before Enkidu comes along. They caution Gilgamesh not to rely solely on his own strength and remind him that Enkidu knows the wilderness best. Ninsun is distraught. for her blessing. These themes dominate the second half of the poem. vicious and violent. then he will need all the help and protection his friend can give him. both for his own fame and for that of his city. She retreats to her bedroom. Shamash the sun god. where she bathes and changes into priestly garments. They warn their king that he is going too far and that he underestimates Humbaba's power. He knows how to find water in parched land. She commends her son to Shamash's protection and then formally adopts Enkidu as her son. no longer content to live in and for the moment. Tablets III and IV Summary Gilgamesh stands before the gates of Uruk and tells its people that he is determined to invade Humbaba's forbidden forest to cut down the cedar trees that Humbaba protects. a veritable battering ram. who has the power to protect him too. possibly Syria or Iran. predicting that all of Uruk will shout his praise. The old men remind Gilgamesh to appease the sun god Shamash with offerings of water and to be mindful of his father. placing a sacred pendant around his . Now he wants to accomplish great things. She asks Shamash why Gilgamesh must embark on such a dangerous quest and why Shamash inspired him to do so. Then Gilgamesh and Enkidu make their way to the great temple Egalmah. Enkidu in turn tames Gilgamesh.likely remembered the active volcanoes in the region. He asks for their blessings and promises to return on time for the new year's feasts. The demon has the power to hear a deer stir in the forest from sixty leagues away. After befriending Enkidu. Lugulbanda. of the ultimate purpose and meaning of his life. Just as Enkidu once identified more with animals than with people. summoning a superior deity. If Gilgamesh must undertake this rash errand. much of the narrative is clearly allegorical.” Domesticated by the prostitute. and later in the poem Humbaba is referred to simply as “Evil. Gilgamesh turns his restless energies outward. He thinks ahead to his death. Gilgamesh tells her that he doesn't intend to just steal the greatest of the trees Humbaba protects. making him less wild and more human. undertaken by the historical King Gilgamesh. and he can find his way to the forest. Then she climbs to the roof of the temple and burns sacred herbs. The elders of the city are appalled. He is a great warrior. may have inspired the story of this quest. the goddess Ninsun. where they ask Gilgamesh's mother. An actual trade mission or military raid into hostile territory. The cedar trees that Humbaba guards would have been a precious commodity in the relatively treeless region of southern Mesopotamia where Uruk is located. However. but to kill the demon himself. Gilgamesh himself is at first a kind of animal. He calms Gilgamesh's destructive urges. so no mortal trespasser could ever hope to escape his notice.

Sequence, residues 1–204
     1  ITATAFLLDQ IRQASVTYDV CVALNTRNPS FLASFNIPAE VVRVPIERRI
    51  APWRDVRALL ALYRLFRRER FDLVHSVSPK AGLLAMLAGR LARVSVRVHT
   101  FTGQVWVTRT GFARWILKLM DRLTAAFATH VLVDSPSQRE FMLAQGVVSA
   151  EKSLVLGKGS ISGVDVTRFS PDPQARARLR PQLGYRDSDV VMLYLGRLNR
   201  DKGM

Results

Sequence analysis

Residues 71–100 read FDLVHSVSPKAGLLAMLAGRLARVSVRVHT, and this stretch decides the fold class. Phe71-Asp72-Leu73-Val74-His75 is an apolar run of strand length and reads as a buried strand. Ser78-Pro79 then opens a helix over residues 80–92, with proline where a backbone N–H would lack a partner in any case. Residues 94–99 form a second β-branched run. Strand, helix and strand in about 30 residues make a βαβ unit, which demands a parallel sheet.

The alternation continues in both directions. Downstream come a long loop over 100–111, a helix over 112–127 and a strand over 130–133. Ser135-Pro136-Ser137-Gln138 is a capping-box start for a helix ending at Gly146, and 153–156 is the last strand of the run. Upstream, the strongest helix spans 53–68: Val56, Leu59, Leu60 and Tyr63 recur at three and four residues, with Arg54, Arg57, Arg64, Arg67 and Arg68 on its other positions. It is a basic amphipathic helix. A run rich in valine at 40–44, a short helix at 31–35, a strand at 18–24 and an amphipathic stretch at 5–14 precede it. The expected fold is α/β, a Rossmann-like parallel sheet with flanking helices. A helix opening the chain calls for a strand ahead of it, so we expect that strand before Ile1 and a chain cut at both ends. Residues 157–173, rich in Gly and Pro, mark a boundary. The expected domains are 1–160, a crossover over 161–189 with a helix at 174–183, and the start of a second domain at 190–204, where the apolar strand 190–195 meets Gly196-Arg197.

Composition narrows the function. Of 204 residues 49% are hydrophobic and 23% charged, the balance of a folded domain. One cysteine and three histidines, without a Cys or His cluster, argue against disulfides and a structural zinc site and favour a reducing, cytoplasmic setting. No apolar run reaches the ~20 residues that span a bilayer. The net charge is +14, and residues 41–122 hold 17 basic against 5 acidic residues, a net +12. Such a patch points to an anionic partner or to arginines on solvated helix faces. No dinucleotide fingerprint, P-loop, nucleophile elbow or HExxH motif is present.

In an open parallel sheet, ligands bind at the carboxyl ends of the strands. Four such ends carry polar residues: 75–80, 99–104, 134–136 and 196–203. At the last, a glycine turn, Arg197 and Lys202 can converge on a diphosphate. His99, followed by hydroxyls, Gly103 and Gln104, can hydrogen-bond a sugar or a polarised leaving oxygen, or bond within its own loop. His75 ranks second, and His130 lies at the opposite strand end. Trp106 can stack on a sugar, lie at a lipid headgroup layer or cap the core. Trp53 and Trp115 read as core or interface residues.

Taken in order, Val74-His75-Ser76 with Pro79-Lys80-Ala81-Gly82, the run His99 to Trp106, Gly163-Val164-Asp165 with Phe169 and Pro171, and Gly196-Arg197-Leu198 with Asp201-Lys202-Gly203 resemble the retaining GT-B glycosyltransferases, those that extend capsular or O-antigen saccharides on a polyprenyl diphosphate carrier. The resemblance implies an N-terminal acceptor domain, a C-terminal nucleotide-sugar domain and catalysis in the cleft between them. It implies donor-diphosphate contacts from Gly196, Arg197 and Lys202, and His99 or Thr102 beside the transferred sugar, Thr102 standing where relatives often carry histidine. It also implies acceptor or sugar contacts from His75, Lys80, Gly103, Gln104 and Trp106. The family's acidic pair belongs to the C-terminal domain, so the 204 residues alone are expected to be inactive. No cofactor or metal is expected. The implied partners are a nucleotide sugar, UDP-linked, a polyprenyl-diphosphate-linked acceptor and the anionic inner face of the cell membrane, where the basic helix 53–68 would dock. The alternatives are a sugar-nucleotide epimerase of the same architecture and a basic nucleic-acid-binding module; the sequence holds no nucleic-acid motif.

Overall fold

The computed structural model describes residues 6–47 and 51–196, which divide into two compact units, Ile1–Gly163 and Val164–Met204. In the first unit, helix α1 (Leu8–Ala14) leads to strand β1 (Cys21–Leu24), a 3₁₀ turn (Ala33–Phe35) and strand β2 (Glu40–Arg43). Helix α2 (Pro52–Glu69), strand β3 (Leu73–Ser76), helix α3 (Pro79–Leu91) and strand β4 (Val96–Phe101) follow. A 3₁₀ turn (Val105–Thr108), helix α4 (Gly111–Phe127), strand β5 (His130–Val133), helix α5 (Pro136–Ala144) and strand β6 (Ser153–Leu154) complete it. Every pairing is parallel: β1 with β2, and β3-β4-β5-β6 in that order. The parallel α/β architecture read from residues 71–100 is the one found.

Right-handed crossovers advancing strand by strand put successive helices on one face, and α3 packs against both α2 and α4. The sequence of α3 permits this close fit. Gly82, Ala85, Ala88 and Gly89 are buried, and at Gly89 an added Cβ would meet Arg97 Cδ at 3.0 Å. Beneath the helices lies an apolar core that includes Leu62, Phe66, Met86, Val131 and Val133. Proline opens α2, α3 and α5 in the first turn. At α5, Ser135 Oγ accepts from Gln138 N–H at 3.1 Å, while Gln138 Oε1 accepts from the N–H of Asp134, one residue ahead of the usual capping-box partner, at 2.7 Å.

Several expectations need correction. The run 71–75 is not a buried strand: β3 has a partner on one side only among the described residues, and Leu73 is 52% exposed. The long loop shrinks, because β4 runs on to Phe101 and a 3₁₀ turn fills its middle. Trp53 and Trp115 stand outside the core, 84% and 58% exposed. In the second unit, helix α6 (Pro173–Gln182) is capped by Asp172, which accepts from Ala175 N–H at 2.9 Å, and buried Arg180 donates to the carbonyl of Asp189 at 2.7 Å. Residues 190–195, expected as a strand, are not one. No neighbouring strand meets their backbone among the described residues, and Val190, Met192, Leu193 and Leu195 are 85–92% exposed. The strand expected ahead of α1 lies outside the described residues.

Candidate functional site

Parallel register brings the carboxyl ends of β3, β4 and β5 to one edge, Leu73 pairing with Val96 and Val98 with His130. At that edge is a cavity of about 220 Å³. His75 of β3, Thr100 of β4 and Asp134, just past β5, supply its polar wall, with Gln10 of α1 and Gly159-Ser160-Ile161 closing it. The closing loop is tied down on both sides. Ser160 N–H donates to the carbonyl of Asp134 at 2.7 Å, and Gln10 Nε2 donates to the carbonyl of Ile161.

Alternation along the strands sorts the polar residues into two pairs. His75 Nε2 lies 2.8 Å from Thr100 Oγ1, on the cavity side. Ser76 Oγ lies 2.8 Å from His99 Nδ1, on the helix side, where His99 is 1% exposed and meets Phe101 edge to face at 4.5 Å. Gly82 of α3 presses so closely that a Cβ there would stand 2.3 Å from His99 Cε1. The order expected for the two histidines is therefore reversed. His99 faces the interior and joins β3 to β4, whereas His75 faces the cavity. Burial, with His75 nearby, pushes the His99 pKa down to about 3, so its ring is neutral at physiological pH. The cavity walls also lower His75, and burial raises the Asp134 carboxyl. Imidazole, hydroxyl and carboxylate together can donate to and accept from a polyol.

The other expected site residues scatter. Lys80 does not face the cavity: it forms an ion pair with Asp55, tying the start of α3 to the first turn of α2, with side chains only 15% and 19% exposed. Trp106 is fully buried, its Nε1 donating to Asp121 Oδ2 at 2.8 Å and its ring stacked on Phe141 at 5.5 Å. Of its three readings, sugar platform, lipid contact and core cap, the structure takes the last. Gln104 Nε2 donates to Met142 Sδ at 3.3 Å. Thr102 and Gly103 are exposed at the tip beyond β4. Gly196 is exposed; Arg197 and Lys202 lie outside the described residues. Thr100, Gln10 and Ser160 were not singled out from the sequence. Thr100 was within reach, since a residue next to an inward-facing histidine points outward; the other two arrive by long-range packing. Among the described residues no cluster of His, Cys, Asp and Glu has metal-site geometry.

it would take an ordinary man three weeks to walk so far. The city elders urge Gilgamesh to pray to his father Lugulbanda for protection. she is physically present in Uruk. after prayers. Gilgamesh and Enkidu are doing a god's work. assuring him that they can defeat Humbaba. Shamash is the sun god. they cover 150 leagues (450 miles). Analysis Tablet III is even more fragmentary than Tablet II in the Sin-Leqi-Unninni version and Tablet IV is almost nonexistent—only about thirty lines have survived. the god of wisdom and crafts. In seeking to kill Humbaba. Now Gilgamesh and Enkidu are truly brothers. As they walk. would have been a vast complex with an inner court and sanctuary and a ziggurat rising up behind it. Gilgamesh and Enkidu's adventure in some ways recapitulates Lugulbanda's. Although Ninsun herself is a god. They do not stop to eat until they have walked twenty leagues. when Ea. invocations. they pause for a moment and think about what they are going to do.neck. the two heavily armed heroes step outside the sevenbolt gate of Uruk and set off on their adventure. a neighboring city-state. he finds his way back to civilization and sustains himself along the way by eating uncultivated plants and the flesh of wild animals. . Shamash remains a strong presence in the poem until the last few tablets. associated with light and wisdom. that when the time for battle comes he will not lose heart. They dig a well and make an offering to the god Shamash. they bolster each other's spirits. even if it is directly opposed to another god's desires. begins. In three days. Lugulbanda's companions leave him for dead on a journey to Aratta. some important themes emerge. she does not live in heaven. speeches. The extent of Shamash's importance becomes clear in this tablet. Enkidu urges Gilgamesh on whenever his courage flags. With Shamash's help. Gilgamesh and Enkidu do not seek only to glorify their own names. and after listening to more warnings from the elders and declaring their intention to prevail. At last. seems to assume his role. Humbaba. whom Shamash detests. Ninsun. In an ancient Sumerian poem called “Lugulbanda and Mount Hurrum. When Enkidu falters. An erotic ritual involving prostitutes. Her invocation of Shamash and the lengths Gilgamesh and Enkidu will go to please him demonstrate the reach of Shamash's influence and power. the various English translations stitch together older variants of the tale. When they finally reach the forest. where Gilgamesh's mother. Being left for dead and surviving—death and rebirth—are major themes in Gilgamesh. then continue on their journey. Again. Nonetheless. sacrifices. The ziggurat was a holy mountain in miniature. resides and where she invokes Shamash from the roof. Gilgamesh reassures him that he is a good warrior. and that they will stand and fight together.” one of two about Gilgamesh's predecessor on Uruk's throne. is associated with darkness and evil. Rather. possibly of both genders. an antechamber between worlds where the gods and men conversed. The temple Egalmah. and practical preparations.